You’ve probably formed the impression that I have an aversion to throwing anything away if some use can still be made of it. If so, you’re absolutely correct. I’ve been critical of Centralia College whenever they clear space to replace buildings because there doesn’t seem to be a visible effort to save any part of the old buildings. Perhaps, there may be a business that tries to salvage such usable items, but I’ve never seen one listed in the yellow pages.
Before I go any further, I want to publicly admit that I consider the space where Kemp Hall used to exist a pure gem, as is the beautiful portal entry to it! If and when the weather gets nicer than in preceding weeks, I can envision that open, grassy expanse of ground being occupied by many students gainfully employed with studying, snacking, lounging or flirting! And I hope no building ever replaces that open space.
I questioned the removal of an old building at the intersection of Silver Street and Centralia College Boulevard where so many students had found lodging over the years, but acknowledged that its lifespan was on the ragged edge of self-destruction. However, I wasn’t ready to receive a personal shock! I’d driven to deposit a letter in the Post Office’s drive-in box and, as is usual for me, I glanced across the street to see how the three-rental-unit house I used to own — and live in during some changes in my life — was doing. It had disappeared, as had the dwelling between it and the already mentioned student apartment building!
All that remained was the group of three trees I had planted in front of the unit. Well, at least they saved the trees, I thought. I’d raised them from tiny 1-inch seedlings dropped from a tree that graced the front of a house we lived in on F Street.
But, as I discovered a few days later, I was daydreaming. Those trees which had grown until they were taller than the two-story building they fronted were now missing as well. Couldn’t those trees have been saved? I’m only assuming that the small patch of land they occupied will — some time in the future — become another part of Centralia College’s ever-growing campus but I doubt that particular patch of ground is already on paper as part of a plan for any new building. So I repeat, “Couldn’t those trees have been saved?”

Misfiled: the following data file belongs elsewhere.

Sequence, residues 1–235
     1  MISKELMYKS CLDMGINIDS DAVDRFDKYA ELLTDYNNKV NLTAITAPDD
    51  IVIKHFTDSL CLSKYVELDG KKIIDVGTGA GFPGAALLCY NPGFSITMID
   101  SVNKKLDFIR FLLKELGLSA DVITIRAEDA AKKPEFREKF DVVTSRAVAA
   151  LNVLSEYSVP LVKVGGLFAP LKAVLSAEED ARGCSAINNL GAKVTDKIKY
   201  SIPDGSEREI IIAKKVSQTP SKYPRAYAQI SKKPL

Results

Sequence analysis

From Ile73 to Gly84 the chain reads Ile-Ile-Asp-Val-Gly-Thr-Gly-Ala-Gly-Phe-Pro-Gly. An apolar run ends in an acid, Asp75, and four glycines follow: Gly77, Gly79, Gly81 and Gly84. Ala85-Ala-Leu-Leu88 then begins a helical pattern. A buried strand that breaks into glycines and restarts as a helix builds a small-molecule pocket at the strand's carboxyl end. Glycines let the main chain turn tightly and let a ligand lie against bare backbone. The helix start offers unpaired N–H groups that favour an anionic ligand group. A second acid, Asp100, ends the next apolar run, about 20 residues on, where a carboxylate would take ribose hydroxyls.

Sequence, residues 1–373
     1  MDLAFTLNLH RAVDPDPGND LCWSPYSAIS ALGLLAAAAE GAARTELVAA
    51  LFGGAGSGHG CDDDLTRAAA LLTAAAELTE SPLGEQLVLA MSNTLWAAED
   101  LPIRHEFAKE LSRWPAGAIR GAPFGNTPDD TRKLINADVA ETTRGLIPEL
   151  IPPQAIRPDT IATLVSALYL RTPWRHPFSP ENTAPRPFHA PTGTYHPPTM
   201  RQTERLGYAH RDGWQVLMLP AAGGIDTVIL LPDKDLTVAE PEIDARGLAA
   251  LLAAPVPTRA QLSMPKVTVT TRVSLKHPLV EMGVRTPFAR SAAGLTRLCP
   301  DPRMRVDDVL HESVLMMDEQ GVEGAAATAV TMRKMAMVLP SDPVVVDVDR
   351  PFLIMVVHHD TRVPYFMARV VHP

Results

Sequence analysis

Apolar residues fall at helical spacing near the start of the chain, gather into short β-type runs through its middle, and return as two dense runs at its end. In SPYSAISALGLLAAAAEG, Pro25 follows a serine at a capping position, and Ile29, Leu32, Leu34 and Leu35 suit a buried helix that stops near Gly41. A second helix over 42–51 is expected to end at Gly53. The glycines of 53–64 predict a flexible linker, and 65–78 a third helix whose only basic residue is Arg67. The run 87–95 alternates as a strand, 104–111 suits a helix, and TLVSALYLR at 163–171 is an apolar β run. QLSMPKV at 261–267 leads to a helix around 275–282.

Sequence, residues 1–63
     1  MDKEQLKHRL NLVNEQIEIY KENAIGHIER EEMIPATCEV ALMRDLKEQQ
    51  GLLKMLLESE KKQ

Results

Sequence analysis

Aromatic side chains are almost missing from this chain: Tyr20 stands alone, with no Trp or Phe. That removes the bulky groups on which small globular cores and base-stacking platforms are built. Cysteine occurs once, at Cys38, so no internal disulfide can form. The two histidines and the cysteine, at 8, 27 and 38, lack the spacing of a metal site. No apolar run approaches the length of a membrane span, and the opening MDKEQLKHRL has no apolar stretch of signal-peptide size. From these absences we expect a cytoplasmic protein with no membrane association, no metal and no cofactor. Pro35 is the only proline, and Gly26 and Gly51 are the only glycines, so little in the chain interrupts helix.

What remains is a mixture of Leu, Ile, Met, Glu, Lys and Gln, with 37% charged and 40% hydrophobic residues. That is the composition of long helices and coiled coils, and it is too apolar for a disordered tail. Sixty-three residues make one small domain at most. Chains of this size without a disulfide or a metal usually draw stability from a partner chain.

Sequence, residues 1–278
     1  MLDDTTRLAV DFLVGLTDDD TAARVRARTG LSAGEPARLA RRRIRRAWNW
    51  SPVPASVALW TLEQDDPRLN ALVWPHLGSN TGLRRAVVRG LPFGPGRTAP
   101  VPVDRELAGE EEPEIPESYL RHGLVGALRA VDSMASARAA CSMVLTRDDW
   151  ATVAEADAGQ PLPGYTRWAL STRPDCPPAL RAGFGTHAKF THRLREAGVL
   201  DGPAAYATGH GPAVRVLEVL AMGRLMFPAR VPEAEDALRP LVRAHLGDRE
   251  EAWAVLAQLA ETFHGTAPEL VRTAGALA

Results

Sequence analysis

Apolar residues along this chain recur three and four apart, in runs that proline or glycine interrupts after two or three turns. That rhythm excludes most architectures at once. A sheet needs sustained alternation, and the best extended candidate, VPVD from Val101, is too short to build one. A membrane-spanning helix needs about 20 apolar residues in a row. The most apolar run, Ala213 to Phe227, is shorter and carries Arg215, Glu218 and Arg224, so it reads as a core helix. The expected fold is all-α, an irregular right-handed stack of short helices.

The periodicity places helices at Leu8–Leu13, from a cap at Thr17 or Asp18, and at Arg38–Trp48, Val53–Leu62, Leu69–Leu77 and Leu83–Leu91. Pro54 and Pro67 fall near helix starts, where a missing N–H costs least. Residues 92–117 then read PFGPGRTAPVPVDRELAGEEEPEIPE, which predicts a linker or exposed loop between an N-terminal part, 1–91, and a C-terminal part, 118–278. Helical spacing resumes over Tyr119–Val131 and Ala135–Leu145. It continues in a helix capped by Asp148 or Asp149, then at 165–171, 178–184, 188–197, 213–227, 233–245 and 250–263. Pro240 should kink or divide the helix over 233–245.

Changing topics — Matthew, Lanita and I scheduled another kayak journey up the Tilton River last Saturday, hoping to see some fall foliage, only to read in Saturday’s edition of The Chronicle that the water in Mayfield Lake was scheduled to be lowered by 10 feet starting the next day. When we arrived at our launch site it became obvious that the process had begun and the level was already down about 2 feet.
That didn’t stop us — or quite a few other kayakers as well — from taking one last trip this year through that beautiful passage way. I counted either nine or 10 kayaks (I may have counted one twice), two paddle boards, one canoe and one well-behaved outboard motor craft in the course of our journey upstream to a point where lower water surface and increasing current let us know it was time to turn around.
The new water level pointed out one thing that our earlier trip had missed. Firmly embedded in the crack of a large rock was an outboard motor propeller blade. There are several lessons that can be learned from that. Do I need to list them?
Bill Moeller is a former entertainer, mayor, bookstore owner, city council member, paratrooper and pilot living in Centralia. He can be reached at email@example.com.